As soon as June turns back into herself, the real Steinar wakes up in his underwear in the back of a van owned by his buddy Alf (Trond Fausa) and calls Ben with his good news/bad news situation. No, he hasn’t procured June, but on the bright side, Ben was right — she is a shapeshifter like her mom. Apparently, this is rare and extremely exciting for Ben. After Runa shades the doctor on possibly doing inappropriate things with the other ladies at Sanctum and calling it “testing,” the two celebrate this victory. (“Tests” actually consist of brainwave stuff and slideshows that eventually trigger the women into shifting, but shade on Runa, shade on.) Why do they want June so bad? Why is she so special? Which person at Shapeshifters-R-Us gives Runa her chic haircut? We have no answers yet, but as far as the June situation goes, Steinar promises to make like Olivia Pope and HANDLE IT.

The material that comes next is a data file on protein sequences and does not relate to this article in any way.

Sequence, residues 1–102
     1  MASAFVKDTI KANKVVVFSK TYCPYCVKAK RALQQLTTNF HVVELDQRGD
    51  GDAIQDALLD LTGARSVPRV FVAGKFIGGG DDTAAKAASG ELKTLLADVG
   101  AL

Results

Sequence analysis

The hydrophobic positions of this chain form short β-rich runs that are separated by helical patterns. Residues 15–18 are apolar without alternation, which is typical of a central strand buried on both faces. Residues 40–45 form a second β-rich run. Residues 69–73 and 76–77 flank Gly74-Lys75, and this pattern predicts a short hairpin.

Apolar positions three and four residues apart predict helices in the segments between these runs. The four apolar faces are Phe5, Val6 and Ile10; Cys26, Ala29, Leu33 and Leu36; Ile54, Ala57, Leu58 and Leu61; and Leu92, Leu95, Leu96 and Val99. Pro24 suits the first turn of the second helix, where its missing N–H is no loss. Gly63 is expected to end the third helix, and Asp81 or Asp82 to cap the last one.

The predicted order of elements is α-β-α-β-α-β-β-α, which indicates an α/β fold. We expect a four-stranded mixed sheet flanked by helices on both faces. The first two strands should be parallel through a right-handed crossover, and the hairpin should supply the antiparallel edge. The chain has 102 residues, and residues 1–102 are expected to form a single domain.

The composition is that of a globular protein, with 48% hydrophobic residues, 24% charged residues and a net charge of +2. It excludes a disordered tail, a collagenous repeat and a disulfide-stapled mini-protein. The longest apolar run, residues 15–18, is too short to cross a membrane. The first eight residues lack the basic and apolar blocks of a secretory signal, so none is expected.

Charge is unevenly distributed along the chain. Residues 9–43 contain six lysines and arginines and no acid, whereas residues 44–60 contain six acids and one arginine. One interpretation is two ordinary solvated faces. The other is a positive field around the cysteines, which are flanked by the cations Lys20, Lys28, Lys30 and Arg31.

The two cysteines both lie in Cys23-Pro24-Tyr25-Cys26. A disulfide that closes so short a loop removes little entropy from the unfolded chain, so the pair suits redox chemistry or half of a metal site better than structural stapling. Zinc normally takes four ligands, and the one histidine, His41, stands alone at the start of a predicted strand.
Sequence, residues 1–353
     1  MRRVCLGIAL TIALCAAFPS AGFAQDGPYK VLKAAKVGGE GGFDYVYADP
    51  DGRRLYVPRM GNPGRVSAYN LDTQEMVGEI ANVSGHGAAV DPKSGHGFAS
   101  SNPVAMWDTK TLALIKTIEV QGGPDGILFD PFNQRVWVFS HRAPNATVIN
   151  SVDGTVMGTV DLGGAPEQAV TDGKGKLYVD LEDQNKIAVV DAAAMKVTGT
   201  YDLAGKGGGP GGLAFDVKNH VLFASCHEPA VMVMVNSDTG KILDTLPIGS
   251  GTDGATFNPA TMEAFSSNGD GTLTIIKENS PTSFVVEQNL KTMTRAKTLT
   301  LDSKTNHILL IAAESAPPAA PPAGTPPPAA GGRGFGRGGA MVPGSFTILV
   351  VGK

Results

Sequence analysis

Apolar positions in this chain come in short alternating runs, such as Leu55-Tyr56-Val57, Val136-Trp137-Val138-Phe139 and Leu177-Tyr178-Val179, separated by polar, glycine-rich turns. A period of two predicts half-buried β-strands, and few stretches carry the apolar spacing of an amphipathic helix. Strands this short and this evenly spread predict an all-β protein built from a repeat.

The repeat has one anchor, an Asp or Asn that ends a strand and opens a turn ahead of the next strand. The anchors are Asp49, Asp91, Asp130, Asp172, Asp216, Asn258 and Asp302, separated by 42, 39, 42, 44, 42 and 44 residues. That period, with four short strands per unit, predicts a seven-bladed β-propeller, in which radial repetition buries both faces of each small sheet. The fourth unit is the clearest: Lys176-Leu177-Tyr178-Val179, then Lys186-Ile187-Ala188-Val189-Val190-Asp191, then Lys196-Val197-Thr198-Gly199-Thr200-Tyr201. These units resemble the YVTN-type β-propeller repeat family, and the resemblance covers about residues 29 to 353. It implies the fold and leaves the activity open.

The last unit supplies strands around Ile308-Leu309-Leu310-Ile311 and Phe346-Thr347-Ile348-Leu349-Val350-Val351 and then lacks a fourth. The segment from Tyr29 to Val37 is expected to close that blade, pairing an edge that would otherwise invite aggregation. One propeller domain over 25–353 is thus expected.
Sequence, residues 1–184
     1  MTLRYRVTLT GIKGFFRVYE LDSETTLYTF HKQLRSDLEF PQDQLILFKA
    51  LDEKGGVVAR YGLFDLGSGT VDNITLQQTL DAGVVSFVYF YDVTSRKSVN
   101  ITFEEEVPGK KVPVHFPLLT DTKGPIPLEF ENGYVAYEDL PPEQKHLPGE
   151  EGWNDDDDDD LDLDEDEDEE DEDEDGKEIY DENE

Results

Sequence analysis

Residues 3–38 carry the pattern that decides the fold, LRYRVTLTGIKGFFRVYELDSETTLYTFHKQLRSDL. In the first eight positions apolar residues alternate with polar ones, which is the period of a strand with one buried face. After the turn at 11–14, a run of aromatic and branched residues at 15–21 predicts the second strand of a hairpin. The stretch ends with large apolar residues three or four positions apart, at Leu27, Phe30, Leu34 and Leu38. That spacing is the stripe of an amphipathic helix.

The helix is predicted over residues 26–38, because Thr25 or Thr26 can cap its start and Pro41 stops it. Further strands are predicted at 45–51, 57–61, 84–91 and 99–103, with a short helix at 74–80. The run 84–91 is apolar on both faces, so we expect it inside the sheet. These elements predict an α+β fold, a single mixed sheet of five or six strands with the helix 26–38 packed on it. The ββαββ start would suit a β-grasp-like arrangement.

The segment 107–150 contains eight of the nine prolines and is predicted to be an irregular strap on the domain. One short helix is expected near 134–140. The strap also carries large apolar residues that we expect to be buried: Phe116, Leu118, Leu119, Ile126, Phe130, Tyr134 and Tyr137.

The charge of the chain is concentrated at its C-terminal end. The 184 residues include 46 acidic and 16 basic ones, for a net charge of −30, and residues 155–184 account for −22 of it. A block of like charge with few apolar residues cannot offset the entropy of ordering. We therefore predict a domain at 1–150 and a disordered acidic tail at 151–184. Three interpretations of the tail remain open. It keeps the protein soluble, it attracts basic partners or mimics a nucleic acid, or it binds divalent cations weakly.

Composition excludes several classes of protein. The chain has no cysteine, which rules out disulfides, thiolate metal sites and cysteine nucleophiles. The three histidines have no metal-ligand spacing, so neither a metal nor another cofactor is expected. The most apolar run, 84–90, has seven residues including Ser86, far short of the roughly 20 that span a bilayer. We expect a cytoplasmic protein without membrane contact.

Like Harry, Steinar’s partner Alf is appropriately freaked the hell out by finding his friend naked in the woods with vibrating eyes. He also doesn’t much approve of the whole kidnapping teenagers thing. But he gets over it pretty quickly. Alf is a very thorough shady dude. After a visit to the empty McDaniel farm proves fruitless, Alf suggests they try the redhead whom he caught on camera selling a car to Harry; he probably has some information. It’s a good thing Alf was tailing Harry in addition to June even though Harry and June kept their relationship a complete secret from the world. He’s very good at his job!
The redhead, Dean, does know where Harry and June are headed, information that he shares with Steinar and Alf after being beaten up in front of his baby daughter. Steinar and Alf head to London.